Cost effects of the Nitrate Directive
Hoffmann, András – Somogyi, Tamás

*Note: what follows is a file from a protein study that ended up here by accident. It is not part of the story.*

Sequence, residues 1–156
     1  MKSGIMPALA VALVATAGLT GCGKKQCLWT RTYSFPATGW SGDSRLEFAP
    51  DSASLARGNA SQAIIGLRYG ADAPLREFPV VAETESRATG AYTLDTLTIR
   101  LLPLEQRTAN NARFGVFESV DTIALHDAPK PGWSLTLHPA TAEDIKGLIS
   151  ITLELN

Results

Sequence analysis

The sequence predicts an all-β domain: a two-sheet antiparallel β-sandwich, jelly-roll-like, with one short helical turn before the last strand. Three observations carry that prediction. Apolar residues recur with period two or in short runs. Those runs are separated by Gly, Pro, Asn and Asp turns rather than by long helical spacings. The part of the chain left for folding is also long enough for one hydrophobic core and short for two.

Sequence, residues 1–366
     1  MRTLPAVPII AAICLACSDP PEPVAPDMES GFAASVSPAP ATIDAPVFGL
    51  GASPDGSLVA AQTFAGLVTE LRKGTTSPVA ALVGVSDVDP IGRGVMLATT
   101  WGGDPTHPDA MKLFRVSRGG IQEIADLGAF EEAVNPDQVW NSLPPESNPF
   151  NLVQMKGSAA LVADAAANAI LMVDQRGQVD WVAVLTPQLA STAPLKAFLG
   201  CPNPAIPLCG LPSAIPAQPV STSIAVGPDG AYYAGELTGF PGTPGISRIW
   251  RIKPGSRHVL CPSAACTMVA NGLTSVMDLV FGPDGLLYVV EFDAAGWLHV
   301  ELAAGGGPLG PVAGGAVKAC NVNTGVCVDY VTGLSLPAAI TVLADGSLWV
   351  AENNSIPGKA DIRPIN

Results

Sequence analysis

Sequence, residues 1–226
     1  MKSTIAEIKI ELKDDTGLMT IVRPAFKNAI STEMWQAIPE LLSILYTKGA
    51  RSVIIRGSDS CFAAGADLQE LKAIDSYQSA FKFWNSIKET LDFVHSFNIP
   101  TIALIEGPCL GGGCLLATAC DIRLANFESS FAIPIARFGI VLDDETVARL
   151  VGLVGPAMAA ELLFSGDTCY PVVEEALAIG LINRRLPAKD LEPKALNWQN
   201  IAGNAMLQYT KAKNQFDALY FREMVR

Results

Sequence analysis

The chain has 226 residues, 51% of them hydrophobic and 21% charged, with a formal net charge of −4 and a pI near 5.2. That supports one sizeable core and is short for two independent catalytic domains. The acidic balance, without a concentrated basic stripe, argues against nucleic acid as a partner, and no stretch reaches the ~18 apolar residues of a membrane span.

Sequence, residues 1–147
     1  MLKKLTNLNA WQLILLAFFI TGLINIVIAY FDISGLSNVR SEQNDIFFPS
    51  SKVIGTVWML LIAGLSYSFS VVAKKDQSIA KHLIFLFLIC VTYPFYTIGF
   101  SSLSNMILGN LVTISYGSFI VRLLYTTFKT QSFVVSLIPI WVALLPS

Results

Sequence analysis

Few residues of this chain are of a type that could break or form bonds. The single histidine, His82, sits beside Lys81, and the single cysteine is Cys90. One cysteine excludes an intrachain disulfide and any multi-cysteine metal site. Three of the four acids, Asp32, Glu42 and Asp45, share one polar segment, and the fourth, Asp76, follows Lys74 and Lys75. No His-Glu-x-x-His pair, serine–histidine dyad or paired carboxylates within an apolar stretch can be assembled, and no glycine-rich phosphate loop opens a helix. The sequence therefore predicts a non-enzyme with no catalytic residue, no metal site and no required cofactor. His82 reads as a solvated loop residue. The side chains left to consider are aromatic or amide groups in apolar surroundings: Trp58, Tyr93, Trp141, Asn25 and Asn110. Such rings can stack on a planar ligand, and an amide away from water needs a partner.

The Nitrate Directive set different deadlines for building liquid manure storage units on nitrate-sensitive versus non-sensitive areas. Our study investigates the effect of this at two agricultural firms. The one operating over a non-sensitive area can generate a significant environmental burden without any financial consequences. The other firm, operating over a nitrate-sensitive area, was forced to establish a system for storing and treating liquid manure at a cost of several hundred million forints, in order to comply with the decree. In the year operations began, the value of this system reached 10% of the corporation's tangible assets. There are also further costs of operation. Against these expenses one might set the yield from the nitrogen content of the liquid manure. However, our investigations revealed with statistical tests that there was no excess crop production in the 2002-2004 period on the fields irrigated with liquid manure. This implies that, under the conditions of the treatment, almost all nitrogen content must have escaped into the atmosphere as ammonia. Therefore the goal targeted by the decree was reached at great investment cost and produces atmospheric pollution rather than nutrients useful for crop production.